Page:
St. Louis Women Find Kinship In Worldwide Challah Bread Bake
The smell that greets you at the Great Big Challah Bake celebration is, of course, the aroma of rising wheat gently filling the seventh-floor hallway of the Clayton Plaza Hotel, just outside of St. Louis. It’s a calming scent, as kitchen-related smells often are, foregrounded by a stunning scene: the hotel’s Crystal Ballroom is playing host to a sea of women and girls fingers-deep in dough and bursting, visibly, with the joy of community.
In St. Louis’ second year participating in the worldwide Great Big Challah Bake celebration on November 10, 2016, nearly 500 women and girls from across the region came together to participate in the worldwide tradition of making challah for Shabbat (Find the Midwest’s best bakery challah here).
“The idea is that for one Shabbat a year, across the entire Jewish world, we do something together,” explains Rene Price, one of the co-chairs of the Great Big Challah Bake. This year, the baking began at sundown in Australia, and continued its way westward, stretching across more than 5,000 communities in 60 countries, eventually making its way to St. Louis. Since the event’s beginnings in South Africa only four years ago, the Great Big Challah Bake has given the Jewish community in St. Louis—and Jewish communities across the world—the opportunity to commemorate a holy day while celebrating their heritage and traditions with one another.
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And indeed, the atmosphere in the Clayton Plaza Hotel ballroom on Thursday night felt like a family reunion of sorts. Multiple generations of women filled the space, chatting and enjoying fellowship with each other, all while wearing matching white aprons featuring the names of participating cities and the phrase “Kneading It Together” printed in bright pink. The phrase was this year’s theme, and it seemed appropriately chosen for such a tightly-knit group of families and friends.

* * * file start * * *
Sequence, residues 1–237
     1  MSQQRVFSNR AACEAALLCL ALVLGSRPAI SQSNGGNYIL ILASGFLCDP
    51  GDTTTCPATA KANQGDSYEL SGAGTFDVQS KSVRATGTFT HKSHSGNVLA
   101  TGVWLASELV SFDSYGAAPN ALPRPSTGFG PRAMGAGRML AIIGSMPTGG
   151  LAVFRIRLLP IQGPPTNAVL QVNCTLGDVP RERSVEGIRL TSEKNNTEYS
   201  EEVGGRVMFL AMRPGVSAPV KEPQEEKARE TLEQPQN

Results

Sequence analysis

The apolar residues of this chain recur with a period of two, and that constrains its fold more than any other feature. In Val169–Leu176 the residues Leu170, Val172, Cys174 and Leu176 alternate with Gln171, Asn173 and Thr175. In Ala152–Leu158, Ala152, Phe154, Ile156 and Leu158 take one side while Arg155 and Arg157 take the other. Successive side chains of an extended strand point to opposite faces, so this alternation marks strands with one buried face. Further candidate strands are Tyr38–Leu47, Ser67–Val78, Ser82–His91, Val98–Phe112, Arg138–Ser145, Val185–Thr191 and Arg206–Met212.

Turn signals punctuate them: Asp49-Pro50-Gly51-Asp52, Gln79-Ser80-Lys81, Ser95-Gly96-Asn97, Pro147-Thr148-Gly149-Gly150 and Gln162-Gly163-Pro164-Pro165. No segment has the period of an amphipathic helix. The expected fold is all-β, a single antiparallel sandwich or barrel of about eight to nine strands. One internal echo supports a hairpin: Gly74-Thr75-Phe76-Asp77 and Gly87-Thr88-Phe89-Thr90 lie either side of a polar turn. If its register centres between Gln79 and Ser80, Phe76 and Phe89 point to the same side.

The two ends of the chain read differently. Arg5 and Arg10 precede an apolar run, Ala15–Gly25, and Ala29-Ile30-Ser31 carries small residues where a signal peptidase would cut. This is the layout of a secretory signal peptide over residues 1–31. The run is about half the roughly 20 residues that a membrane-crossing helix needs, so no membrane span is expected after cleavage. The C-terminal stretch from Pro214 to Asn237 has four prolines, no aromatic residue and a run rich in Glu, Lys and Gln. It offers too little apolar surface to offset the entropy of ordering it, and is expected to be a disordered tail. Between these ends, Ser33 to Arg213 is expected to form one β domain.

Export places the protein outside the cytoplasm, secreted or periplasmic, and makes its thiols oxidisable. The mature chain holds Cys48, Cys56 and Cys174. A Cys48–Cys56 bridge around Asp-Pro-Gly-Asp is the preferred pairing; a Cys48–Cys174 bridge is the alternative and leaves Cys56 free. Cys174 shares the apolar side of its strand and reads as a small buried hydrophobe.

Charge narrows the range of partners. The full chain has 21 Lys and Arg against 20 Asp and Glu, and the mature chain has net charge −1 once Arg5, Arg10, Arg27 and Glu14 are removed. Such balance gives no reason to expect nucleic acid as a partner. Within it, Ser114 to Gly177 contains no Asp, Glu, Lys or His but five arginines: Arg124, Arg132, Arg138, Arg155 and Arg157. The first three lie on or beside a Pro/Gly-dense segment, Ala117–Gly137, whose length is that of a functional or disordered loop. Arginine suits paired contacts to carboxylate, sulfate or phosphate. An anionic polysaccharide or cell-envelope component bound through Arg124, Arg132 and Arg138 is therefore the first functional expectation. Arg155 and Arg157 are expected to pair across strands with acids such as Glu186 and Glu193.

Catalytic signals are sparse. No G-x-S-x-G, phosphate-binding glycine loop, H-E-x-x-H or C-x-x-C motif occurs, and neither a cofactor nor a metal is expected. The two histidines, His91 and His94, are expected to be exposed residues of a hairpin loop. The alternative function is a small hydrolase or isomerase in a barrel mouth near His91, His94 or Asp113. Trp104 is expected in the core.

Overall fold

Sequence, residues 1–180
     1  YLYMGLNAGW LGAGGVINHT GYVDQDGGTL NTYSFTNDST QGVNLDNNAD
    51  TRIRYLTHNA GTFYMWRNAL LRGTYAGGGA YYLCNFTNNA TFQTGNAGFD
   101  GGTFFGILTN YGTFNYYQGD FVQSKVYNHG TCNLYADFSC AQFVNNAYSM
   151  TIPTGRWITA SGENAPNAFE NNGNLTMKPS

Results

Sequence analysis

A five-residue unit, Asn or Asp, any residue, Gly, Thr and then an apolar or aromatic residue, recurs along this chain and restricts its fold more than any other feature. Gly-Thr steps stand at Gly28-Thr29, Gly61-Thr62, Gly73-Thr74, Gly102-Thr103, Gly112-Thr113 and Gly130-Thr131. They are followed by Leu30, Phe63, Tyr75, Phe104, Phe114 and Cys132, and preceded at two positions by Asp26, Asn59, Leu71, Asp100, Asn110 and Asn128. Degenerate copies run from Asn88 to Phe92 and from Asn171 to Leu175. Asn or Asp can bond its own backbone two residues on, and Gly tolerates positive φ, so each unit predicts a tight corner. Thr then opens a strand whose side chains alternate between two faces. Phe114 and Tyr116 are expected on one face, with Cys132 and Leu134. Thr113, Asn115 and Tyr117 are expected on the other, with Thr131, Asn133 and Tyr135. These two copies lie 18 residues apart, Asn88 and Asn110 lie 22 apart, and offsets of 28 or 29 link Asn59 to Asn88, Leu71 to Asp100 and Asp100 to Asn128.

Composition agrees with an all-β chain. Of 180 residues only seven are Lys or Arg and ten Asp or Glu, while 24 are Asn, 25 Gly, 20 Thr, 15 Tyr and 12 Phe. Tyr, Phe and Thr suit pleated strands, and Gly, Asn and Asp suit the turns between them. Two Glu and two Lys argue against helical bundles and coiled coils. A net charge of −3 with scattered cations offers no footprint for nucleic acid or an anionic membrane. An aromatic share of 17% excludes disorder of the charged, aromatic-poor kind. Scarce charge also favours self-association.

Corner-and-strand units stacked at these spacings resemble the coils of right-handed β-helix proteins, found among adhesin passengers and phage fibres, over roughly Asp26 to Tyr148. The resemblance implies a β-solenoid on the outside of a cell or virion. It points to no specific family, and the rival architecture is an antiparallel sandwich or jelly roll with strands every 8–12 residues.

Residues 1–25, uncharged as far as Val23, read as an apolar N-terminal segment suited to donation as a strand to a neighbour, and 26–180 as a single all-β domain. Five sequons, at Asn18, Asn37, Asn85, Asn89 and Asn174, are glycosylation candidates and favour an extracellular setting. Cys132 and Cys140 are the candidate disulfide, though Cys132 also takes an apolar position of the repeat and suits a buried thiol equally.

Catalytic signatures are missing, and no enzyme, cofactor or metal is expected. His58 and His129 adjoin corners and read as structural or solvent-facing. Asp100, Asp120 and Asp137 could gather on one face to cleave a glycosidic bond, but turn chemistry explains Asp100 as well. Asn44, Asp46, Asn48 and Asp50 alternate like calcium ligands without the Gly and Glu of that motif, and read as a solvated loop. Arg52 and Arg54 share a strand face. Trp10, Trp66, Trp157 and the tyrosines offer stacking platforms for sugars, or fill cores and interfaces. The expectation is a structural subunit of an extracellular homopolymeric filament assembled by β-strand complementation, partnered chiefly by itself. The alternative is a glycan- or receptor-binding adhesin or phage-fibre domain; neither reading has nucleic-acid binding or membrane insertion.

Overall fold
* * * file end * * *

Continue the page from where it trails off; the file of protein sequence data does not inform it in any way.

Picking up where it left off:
“It’s a unifying thing. We’re one person, one heart,” says Leila Redlich Biel, a participant with a circle of short, graceful brown curls and warm eyes. Touching my arm gently, she continues, “I mean, we may have very different opinions on things, but we’re one heart. We’re one big family. It feels so good to do something at the same time as other people across the world.”
Even without Biel’s explanation, the genuine sense of communion was evident. As I surveyed the room, watching little girls dash from table to table, excited at the promise of challah, I was reminded of a kitchen bustling with love and a sense of kinship, and a mixture of inexperienced and capable hands sharing space.
After a prayer, the whole room began braiding the dough per Jewish tradition, following along with the instructions of a woman at the front of the room whose weaving motions were being projected onto two large screens. Biel shared a table with participants who had never baked challah before and generously explained the baking and kneading process and the bread’s significance to the newcomers.
When it came time to dance, Biel remained at the table, choosing instead to join hands with two participants who—because of injuries—were unable to join the dance floor. I could hear the warmth in her voice, recalling the story as “a special moment.” There was no doubt in my mind other similar acts of kindness had been scattered across the evening, shared over dough and between laughter. This was a familial gathering, bubbling with a sense of kinship. And of course, after all, what’s family without food?